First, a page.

Part six of the series. See earlier work on Ronnie Stanley, Will Fuller, Jaylon Smith, Nick Martin and KeiVarae Russell.
No. 90 overall to Seattle Seahawks
There are traditional paths to college football stardom. And then there’s C.J. Prosise’s.
Notre Dame’s third-rounder, now a key piece to the Seattle Seahawks’ reshuffled offensive puzzle, spent a long time trying to find the right fit in the Irish football program.
But Prosise’s athleticism was never in question. That’s what ultimately led Notre Dame head coach Brian Kelly to pursuing the prep school athlete, a three-star prospect with modest offers.
“It was him dunking a basketball, I saw this athlete,” Kelly said last September. “And I said, ‘I don’t know where he’s going to play, but we’ve got to take him. We’ve just got to find a place for him to play.'”
Finding that place took some time. It was a journey that started at safety, a redshirt season spent learning Bob Diaco’s defense. Then there was the transition to receiver, and a quiet sophomore season where his biggest impact came on special teams.
Prosise showed hints of being a game-changing player as a junior. He earned Notre Dame’s special teams player of the year award, earned mostly for his impressive coverage work. But his 29 catches for 516 yards averaged more per play than even Will Fuller. After Prosise took a jet sweep to the house against LSU, it was likely all anybody on staff needed to see when they decided that Prosise would spend time in the spring cross-training at running back, just in case Tarean Folston and Greg Bryant needed a break in 2015.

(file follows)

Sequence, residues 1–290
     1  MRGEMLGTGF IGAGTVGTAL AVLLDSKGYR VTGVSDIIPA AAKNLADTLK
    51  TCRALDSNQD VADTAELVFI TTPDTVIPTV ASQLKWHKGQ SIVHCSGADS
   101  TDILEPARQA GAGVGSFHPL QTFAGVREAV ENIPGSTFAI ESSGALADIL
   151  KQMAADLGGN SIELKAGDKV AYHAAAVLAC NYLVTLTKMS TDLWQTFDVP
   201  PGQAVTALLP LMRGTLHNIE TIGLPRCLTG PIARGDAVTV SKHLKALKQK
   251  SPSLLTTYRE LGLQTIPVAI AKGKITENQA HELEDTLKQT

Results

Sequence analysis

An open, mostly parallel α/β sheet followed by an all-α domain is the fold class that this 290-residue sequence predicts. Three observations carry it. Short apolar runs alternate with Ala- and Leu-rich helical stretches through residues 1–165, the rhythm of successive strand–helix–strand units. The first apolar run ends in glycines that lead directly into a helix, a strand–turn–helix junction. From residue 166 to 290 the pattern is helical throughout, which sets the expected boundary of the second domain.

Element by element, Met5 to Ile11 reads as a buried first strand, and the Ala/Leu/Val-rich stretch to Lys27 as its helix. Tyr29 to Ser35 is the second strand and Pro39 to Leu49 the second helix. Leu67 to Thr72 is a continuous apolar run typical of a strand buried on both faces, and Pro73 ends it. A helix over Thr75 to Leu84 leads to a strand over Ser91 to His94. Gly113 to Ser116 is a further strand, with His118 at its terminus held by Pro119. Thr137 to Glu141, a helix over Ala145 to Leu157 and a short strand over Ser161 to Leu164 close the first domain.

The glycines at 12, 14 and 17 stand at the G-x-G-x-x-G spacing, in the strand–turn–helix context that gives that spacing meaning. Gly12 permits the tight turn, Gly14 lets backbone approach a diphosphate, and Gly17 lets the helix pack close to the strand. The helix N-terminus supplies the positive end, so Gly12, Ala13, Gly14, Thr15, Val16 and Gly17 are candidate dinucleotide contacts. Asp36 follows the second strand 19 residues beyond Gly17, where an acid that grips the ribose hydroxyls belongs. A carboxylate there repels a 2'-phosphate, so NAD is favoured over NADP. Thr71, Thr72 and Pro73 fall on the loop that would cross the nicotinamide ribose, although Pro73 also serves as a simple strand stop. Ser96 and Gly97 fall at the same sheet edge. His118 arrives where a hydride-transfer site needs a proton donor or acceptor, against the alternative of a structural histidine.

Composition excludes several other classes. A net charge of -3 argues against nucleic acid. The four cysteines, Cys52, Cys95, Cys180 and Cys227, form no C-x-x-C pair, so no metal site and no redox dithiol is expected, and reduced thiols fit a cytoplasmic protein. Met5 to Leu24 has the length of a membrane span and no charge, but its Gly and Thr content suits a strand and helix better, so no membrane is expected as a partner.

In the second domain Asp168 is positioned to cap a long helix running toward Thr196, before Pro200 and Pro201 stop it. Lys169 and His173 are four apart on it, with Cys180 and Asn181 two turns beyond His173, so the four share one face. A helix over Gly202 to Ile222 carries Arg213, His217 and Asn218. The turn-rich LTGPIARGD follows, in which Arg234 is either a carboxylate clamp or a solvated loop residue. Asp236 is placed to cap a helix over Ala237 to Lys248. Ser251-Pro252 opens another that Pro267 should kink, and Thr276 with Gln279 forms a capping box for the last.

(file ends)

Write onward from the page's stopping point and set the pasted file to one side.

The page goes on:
A break turned into a breakthrough for both the Irish and Prosise. Notre Dame got three carries from Folston and Bryant last season, proving the move of Prosise to the backfield a brilliant one.
And after slowly finding his fit in the defensive backfield or at receiver, Prosise took to running back immediately, showcasing his game-breaking skills with the ball in his hands and a quick comfort at the position, even as he was learning on the fly.
The jump to the NFL robs Kelly and his staff from finishing their job developing Prosise as a player. And make no mistake, there’s work to be done. Prosise still needs work on his pad level. His short-yardage success left much to be desired. But those things can be taught. The ability to turn five yards into fifty? Not so much.
That’s also what makes him such an intriguing prospect. With Seattle needing to replace Marshawn Lynch, the lack of wear on Prosise, not to mention the versatility in his game, add new dynamics to an offense that needs to surround Russell Wilson with playmakers. And with a degree already in hand and Folston back along with Josh Adams and Dexter Williams, Prosise thought it was the right time to jump on the chance to head to the NFL.
Is he ready? Pete Carroll sure thinks so.
“He has a tremendous range of ability,” Carroll said during rookie camp. “Going into this draft I was hoping we were going to get this guy so that we can do the things that we can do with him. I don’t mind saying this because it’s not going to take us very long to show it—he is a guy that you can line up out of the backfield as a wide receiver, and he can line up in the backfield and run the football and beat you there too.”
It took three seasons for C.J. Prosise to find his footing and one to become a star. It’s another success story for Notre Dame’s coaching staff.